American Legion honors 104-year-old World War II veteran
By LUTHER TURMELLE | New Haven (Conn.) Register | Published: September 9, 2014
WALLINGFORD, Conn. (MCT) — It has been a long way and a lot years from the D-Day invasion of Europe during World War II to present day at the Skyview Nursing Home, but 104-year-old Pasquale Borelli still remembers some of it like was yesterday.
Borelli served as a medical aidman that day, supporting the more than 150,000 troops who stormed the beaches of Normandy in France, the first step in an effort to liberate Europe from the control of Nazi Germany. But amid the carnage and chaos of day, he came across his younger brother Joseph, who had been wounded in action.
“I was so shocked, I didn’t know what to say,” Borelli said when asked about the experience of finding his brother among so many people.
Monday was a special day for Borelli, who was born in New Haven and lived in Hamden and Cheshire before moving into the nursing home about seven years ago. He was honored by Bob Murray, immediate past state commander of the American Legion in Connecticut, and the leadership of the organization’s Highwood Post 150 in Hamden where Borelli has been a member for 67 years.
“We believe he is the oldest living veteran of World War II in Connecticut,” Murray said. “I’m in awe of what people like Pat did in the World War II generation. Not only did they free the world from tyranny, but they came back and with the help of the GI Bill, they reshaped American society.”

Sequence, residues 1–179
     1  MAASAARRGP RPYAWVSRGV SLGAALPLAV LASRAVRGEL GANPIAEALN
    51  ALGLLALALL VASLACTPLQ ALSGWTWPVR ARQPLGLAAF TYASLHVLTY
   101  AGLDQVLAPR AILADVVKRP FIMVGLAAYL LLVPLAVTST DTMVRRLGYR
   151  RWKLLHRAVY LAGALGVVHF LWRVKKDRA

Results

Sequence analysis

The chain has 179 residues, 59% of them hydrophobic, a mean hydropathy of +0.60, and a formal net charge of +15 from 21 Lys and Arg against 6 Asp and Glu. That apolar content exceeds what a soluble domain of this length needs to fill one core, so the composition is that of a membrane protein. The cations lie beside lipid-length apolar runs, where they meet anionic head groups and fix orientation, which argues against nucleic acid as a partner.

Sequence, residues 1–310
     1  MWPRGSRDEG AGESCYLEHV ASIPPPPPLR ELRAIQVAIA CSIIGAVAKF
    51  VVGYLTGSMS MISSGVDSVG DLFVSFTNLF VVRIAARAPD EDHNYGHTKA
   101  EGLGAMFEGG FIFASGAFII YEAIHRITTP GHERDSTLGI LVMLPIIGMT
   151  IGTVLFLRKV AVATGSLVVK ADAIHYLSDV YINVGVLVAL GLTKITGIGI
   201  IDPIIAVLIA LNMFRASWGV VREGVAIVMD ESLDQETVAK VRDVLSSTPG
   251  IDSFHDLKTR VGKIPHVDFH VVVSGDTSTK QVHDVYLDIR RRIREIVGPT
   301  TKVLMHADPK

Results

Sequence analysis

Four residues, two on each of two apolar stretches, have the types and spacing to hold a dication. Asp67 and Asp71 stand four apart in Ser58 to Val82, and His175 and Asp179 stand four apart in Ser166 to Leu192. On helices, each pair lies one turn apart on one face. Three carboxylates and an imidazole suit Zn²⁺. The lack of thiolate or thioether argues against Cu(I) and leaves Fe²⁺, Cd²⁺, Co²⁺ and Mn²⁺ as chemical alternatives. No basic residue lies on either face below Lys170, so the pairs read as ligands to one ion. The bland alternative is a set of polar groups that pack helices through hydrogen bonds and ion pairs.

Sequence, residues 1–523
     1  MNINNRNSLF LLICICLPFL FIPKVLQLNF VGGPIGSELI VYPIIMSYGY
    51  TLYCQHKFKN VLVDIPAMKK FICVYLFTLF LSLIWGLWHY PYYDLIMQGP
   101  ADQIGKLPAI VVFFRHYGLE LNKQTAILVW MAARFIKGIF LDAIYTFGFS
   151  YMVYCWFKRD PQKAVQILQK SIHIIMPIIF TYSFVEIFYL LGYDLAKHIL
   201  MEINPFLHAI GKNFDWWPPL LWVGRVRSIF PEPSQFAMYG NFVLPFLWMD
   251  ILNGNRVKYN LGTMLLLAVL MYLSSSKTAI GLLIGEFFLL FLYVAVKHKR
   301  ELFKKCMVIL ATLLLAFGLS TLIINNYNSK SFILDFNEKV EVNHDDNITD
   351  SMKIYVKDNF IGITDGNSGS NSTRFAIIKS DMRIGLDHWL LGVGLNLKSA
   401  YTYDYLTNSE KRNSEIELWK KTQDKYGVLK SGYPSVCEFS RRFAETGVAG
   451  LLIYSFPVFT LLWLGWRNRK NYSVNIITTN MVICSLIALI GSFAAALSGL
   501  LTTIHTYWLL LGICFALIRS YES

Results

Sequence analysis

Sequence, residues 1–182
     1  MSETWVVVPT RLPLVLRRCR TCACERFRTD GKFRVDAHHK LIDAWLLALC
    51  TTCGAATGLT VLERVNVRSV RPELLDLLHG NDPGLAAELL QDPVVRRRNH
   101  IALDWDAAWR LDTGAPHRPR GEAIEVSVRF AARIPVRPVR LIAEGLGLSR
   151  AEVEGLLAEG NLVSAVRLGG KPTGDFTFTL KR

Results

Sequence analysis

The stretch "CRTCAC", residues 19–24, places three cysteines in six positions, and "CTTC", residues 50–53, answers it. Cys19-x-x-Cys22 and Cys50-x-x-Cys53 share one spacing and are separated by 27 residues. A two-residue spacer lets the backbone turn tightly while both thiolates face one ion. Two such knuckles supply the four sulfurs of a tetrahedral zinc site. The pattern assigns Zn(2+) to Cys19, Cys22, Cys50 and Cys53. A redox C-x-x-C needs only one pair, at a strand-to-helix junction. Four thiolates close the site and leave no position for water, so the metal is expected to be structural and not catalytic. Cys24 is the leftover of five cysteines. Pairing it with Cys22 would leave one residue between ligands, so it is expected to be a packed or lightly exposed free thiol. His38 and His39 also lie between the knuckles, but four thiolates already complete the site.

Borelli called the ceremony “a complete surprise.” It included the singing of patriotic songs and the reading of proclamations from Hamden Mayor Scott Jackson and Daniel Dellinger, national commander of the American Legion,
Those who know Borelli marvel at his zest for life.
“When they do exercises, he’s always at the front of the room, singing and leading the rest of the class,” said Lorreta Sevas of Wallingford, whose mother, Rita, lives in the nursing home. “I hope I live that long and still have that much energy.”
Borelli’s stepdaughter, Audrey Buttery, called him “a really wonderful man.”
“I’m very proud of him,” she said.
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